Concert review: Brynfest #1 and #2, Royal Festival Hall

For the past two nights we have attended ‘Brynfest’, a celebration of Wales and the bass-baritone Bryn Terfel, who has pitched up at London’s Royal Festival Hall for a four-day festival.

Wednesday’s show was entitled ‘The Golden Age of Broadway’ and directed by Sheffield Theatres artistic director and Sondheim specialist Daniel Evans (who as a singer himself has appeared with John Wilson at the BBC Proms). Sian Phillips narrated and introduced the singers, including Bryn himself, Clive Rowe, Hannah Waddingham, Emma Williams, and Julian Ovenden, and the music ranged from Rodgers and Hammerstein (Carousel, South Pacific, Oklahoma, The King and I), Cole Porter (Kiss Me Kate, Anything Goes), to Darion and Leigh (Man of La Mancha), Frank Loesser (Guys and Dolls), and Lerner and Loewe (My Fair Lady).

Bryn Terfel has a history of recording musical theatre and has performed in Sweeney Todd, so it is no surprise to see him here, having a good time, just as he did in the Sondheim Prom in 2010. Whether singing ‘Some Enchanted Evening’, ‘So In Love’, ‘The Impossible Dream’, or letting his hair down in ‘Brush Up Your Shakespeare’ he certainly provides entertainment value. Clive Rowe recreated his triumph as Nicely Nicely in ‘Sit Down You’re Rocking The Boat’ and was a sweetly unusual Freddy in ‘On The Street Where You Live’, while Julian Ovenden impressed in Carousel’s ‘Soliloquy’ – less so as Tony in ‘Maria’ (his voice takes on a Jolson-like quality at times which can be distracting but which would serve him well if the musical play ‘Jolson’ is ever revived!). As for Hannah Waddingham, her ‘Something Wonderful’ was just that, while she tried gamely to better the trumpets in ‘Blow, Gabriel, Blow’ with a bevy of chorus dancers. Emma Williams was sparky in her duet of ‘You’re the Top’ with Clive Rowe, both making the most of Porter’s clever wordplay.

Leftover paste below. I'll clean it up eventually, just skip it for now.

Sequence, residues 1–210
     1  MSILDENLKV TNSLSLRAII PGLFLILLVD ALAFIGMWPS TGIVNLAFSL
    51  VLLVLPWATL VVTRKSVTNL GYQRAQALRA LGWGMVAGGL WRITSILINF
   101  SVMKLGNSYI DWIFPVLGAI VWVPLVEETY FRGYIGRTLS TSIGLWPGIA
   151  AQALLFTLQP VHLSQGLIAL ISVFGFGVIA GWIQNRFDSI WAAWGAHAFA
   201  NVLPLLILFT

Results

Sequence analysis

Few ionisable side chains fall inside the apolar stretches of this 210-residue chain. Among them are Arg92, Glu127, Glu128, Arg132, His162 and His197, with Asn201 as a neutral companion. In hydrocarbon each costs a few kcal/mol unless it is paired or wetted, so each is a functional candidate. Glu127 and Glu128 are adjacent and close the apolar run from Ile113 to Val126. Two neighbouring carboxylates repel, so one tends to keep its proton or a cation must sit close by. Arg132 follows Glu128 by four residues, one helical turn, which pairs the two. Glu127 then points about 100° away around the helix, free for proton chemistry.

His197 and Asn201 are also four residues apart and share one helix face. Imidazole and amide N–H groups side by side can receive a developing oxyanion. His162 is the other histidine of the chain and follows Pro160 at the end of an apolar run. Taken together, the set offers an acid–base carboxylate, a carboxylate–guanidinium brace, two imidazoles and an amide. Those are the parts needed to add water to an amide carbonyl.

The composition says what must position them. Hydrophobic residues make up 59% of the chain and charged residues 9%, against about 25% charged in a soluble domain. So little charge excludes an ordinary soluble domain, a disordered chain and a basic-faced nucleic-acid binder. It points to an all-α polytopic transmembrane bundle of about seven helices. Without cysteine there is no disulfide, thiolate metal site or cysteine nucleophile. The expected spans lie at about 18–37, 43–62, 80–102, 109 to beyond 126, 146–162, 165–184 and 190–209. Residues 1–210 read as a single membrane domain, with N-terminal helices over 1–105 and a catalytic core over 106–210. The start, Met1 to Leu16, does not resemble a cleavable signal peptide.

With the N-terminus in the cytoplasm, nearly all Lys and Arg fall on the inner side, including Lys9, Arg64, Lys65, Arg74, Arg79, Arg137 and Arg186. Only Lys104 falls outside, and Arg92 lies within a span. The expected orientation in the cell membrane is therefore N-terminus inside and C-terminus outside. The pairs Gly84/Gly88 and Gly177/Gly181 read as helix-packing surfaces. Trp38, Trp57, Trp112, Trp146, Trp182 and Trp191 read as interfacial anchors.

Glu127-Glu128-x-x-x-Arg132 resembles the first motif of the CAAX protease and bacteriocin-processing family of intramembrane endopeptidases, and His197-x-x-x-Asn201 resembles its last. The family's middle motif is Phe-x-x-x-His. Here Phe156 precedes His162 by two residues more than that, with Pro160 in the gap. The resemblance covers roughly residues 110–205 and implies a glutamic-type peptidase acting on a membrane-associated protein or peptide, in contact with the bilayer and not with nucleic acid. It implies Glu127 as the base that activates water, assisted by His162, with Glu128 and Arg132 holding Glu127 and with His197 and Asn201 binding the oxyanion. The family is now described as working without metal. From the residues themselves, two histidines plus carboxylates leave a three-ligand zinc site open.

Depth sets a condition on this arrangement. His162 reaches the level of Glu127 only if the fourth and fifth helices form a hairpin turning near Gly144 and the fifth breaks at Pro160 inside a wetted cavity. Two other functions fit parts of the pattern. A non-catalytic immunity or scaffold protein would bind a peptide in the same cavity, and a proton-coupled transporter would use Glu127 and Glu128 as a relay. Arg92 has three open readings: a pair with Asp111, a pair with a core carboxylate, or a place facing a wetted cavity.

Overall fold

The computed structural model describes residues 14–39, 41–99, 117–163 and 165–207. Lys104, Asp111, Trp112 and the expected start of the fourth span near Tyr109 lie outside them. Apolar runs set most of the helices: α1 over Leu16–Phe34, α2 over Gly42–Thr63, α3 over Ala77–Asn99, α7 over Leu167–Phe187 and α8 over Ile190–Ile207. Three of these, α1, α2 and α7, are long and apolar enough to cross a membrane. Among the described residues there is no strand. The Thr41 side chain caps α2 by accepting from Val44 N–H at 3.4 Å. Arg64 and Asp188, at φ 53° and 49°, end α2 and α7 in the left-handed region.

The choice for official finale, ‘Make Our Garden Grow’ from Bernstein’s ‘Candide’ was inspired, inspirational, and beautiful. A well deserved encore of the lead tune from ‘Oklahoma’ left us with smiles on our faces and humming various tunes on the way home.

Thursday saw a change of pace to Bryn’s more usual milieu – the world of opera. In ‘An Evening of Opera Classics’ he teamed with tenor Laurence Brownlee, soprano Oksana Dyka, and mezzo Elizabeth DeShong to present selections from operas ranging from Macbeth to Tosca, Eugene Onegin to Mefistofele. Brownlee is a high tenor with an engaging personality which the audience warmed to, and although Dyka did not move me much with her ‘Vissi d’arte’ (for me, the gold standard of a Tosca is Callas), she had a tuneful if flavourless voice. DeShong – a late replacement as the originally announced singer was ill – has a commanding tone and filled the hall with sound effortlessly.

The best of the night – Terfel’s Scarpia in Tosca aside – was the duet between him and Brownlee in probably my favourite opera duet, ‘Au Fond du Temple Saint’ from ‘The Pearl Fishers’, a beautiful blending of the melody of two human voices. It didn’t disappoint. The Welsh National Opera orchestra and chorus – on both nights – were excellent and worked very hard, and nods must go to conductors Gareth Valentine (Broadway) and Gareth Jones (Opera Classics).

A compilation programme from Brynfest is scheduled to air on S4C at 8pm on the 15th July 2012. Last night we were very aware of the camera directly behind us as the operators were having a conversation throughout. Next time, gentlemen, keep it a bit quieter for those of us who don’t like to hear our Macbeths or Toscas punctuated by nattering …